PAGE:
36. But human beings having both their spiritual and intellectual bodies entire at their death, do not lose their remembrance of the past, nor can they have their final liberation like Brahma, unless they obtain their disembodied state, which is possible to all in this life or hereafter, by the edification of their souls, through yoga meditation alone.
37. The birth and death of all other beings like yourself, are caused by their reminiscence, and for want of their disembodied liberation or eternal salvation.
38. The living soul retains its consciousness within itself, after its pangs of death are over; but remains in its state of insensibility by virtue of its own nature (called pradhana).
39. The universal vacuum is called nature (prakriti). It is the reflexion of the invisible divine mind (chit prativimbam); and is the parent of all that is dull or moving (Jada-Jada), which are so produced by cause of their reminiscence or its absence (sansmriti and asmriti);the former causing the regeneration of living beings, and the latter its cessation as in inert matter.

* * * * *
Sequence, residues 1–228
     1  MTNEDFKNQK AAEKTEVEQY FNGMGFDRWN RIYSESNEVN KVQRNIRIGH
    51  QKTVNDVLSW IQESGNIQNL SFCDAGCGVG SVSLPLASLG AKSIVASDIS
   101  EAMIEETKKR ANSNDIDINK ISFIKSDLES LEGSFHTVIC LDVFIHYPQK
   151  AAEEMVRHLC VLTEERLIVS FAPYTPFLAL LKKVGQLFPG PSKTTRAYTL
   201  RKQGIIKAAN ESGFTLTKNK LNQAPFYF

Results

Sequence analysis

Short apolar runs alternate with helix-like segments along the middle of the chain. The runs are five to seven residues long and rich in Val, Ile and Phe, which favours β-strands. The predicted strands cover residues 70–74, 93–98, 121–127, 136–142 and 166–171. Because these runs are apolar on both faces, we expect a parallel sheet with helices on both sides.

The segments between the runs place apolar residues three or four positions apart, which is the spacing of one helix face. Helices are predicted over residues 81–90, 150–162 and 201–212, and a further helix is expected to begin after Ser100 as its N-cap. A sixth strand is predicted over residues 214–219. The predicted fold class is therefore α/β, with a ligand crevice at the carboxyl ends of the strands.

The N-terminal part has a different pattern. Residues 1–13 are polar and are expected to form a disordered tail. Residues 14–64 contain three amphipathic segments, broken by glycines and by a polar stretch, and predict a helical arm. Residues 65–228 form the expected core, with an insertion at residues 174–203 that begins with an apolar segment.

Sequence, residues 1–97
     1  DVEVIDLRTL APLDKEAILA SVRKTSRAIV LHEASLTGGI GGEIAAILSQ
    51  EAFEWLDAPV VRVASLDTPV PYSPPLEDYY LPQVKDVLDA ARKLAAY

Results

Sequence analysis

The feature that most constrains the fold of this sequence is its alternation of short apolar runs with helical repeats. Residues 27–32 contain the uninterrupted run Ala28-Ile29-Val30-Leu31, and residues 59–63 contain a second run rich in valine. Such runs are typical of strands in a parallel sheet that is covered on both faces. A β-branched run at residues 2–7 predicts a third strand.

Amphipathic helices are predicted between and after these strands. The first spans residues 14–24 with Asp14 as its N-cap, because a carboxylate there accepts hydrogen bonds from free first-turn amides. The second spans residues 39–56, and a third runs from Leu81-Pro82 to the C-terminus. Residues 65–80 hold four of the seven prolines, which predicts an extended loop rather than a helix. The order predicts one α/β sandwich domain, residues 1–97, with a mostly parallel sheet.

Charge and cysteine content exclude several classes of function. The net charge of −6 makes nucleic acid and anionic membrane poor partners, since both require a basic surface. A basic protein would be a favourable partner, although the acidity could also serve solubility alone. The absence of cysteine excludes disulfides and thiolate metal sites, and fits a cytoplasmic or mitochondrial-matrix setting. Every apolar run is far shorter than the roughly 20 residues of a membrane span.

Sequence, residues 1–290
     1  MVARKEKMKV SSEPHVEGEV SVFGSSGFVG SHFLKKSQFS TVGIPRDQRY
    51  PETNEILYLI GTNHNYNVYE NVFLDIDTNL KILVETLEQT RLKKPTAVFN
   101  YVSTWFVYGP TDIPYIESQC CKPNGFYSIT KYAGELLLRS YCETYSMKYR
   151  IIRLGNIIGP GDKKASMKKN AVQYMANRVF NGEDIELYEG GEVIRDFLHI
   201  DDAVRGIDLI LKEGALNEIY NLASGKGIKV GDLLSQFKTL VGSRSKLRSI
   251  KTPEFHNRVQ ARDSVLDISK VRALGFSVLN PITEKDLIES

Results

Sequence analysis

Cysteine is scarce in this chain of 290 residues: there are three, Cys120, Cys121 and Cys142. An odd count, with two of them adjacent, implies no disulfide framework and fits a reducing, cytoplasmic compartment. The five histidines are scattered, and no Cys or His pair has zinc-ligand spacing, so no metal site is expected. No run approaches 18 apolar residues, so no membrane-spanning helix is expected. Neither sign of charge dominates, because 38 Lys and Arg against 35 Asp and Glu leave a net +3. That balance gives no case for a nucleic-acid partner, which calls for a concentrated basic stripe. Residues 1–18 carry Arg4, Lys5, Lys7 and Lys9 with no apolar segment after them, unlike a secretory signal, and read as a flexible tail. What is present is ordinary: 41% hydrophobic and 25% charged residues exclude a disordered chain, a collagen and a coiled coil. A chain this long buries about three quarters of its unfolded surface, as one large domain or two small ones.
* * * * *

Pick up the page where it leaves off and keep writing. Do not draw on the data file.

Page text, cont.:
40. As the living principle or animal life begins to have its understanding (bodha), it is called mahat or an intelligent being, which is possessed of its consciousness (ahankara). It has then the organs of perception and conception, added to it from their elements (tanmatras) residing in the vacuous ether.
41. This minutely intelligent substance, is next joined with the five internal senses, which form its body, and which is otherwise called its spiritual body (ativahika or lingadeha).
42. This spiritual being by its long association with the external senses, comes to believe itself as a sensible being; and then by imagining to have the sensible form, it finds itself invested with a material body (adhibhautika-deha) as beautiful as that of a lotus.
43. Then seated in the embryo, it reposes in a certain position for sometime, and inflated itself like the air, until it is fully expanded.